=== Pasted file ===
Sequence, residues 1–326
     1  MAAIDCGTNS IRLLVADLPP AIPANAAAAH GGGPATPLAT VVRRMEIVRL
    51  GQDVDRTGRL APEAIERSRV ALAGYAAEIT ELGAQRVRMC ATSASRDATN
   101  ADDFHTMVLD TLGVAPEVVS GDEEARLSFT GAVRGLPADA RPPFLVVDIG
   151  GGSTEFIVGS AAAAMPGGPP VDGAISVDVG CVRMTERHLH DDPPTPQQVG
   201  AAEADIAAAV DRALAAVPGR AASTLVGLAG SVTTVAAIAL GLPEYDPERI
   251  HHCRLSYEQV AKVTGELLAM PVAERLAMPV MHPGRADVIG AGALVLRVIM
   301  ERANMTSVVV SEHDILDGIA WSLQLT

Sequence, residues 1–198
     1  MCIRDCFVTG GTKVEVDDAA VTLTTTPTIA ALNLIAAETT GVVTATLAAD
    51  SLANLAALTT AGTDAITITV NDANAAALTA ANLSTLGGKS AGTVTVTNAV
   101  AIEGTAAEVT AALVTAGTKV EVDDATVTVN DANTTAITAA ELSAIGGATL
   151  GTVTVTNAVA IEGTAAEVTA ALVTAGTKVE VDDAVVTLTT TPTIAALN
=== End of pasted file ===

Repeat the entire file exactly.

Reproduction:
Sequence, residues 1–326
     1  MAAIDCGTNS IRLLVADLPP AIPANAAAAH GGGPATPLAT VVRRMEIVRL
    51  GQDVDRTGRL APEAIERSRV ALAGYAAEIT ELGAQRVRMC ATSASRDATN
   101  ADDFHTMVLD TLGVAPEVVS GDEEARLSFT GAVRGLPADA RPPFLVVDIG
   151  GGSTEFIVGS AAAAMPGGPP VDGAISVDVG CVRMTERHLH DDPPTPQQVG
   201  AAEADIAAAV DRALAAVPGR AASTLVGLAG SVTTVAAIAL GLPEYDPERI
   251  HHCRLSYEQV AKVTGELLAM PVAERLAMPV MHPGRADVIG AGALVLRVIM
   301  ERANMTSVVV SEHDILDGIA WSLQLT

Sequence, residues 1–198
     1  MCIRDCFVTG GTKVEVDDAA VTLTTTPTIA ALNLIAAETT GVVTATLAAD
    51  SLANLAALTT AGTDAITITV NDANAAALTA ANLSTLGGKS AGTVTVTNAV
   101  AIEGTAAEVT AALVTAGTKV EVDDATVTVN DANTTAITAA ELSAIGGATL
   151  GTVTVTNAVA IEGTAAEVTA ALVTAGTKVE VDDAVVTLTT TPTIAALN